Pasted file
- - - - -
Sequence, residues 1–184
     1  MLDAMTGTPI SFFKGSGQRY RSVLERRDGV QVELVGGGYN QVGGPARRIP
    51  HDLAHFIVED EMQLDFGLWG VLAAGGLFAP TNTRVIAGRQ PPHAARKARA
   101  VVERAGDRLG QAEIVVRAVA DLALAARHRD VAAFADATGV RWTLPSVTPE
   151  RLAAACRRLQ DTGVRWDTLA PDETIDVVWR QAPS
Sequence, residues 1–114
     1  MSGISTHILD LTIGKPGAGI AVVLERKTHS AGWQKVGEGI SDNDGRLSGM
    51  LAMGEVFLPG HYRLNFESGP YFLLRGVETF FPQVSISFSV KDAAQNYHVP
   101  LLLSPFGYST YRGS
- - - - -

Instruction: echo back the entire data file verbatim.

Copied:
Sequence, residues 1–184
     1  MLDAMTGTPI SFFKGSGQRY RSVLERRDGV QVELVGGGYN QVGGPARRIP
    51  HDLAHFIVED EMQLDFGLWG VLAAGGLFAP TNTRVIAGRQ PPHAARKARA
   101  VVERAGDRLG QAEIVVRAVA DLALAARHRD VAAFADATGV RWTLPSVTPE
   151  RLAAACRRLQ DTGVRWDTLA PDETIDVVWR QAPS
Sequence, residues 1–114
     1  MSGISTHILD LTIGKPGAGI AVVLERKTHS AGWQKVGEGI SDNDGRLSGM
    51  LAMGEVFLPG HYRLNFESGP YFLLRGVETF FPQVSISFSV KDAAQNYHVP
   101  LLLSPFGYST YRGS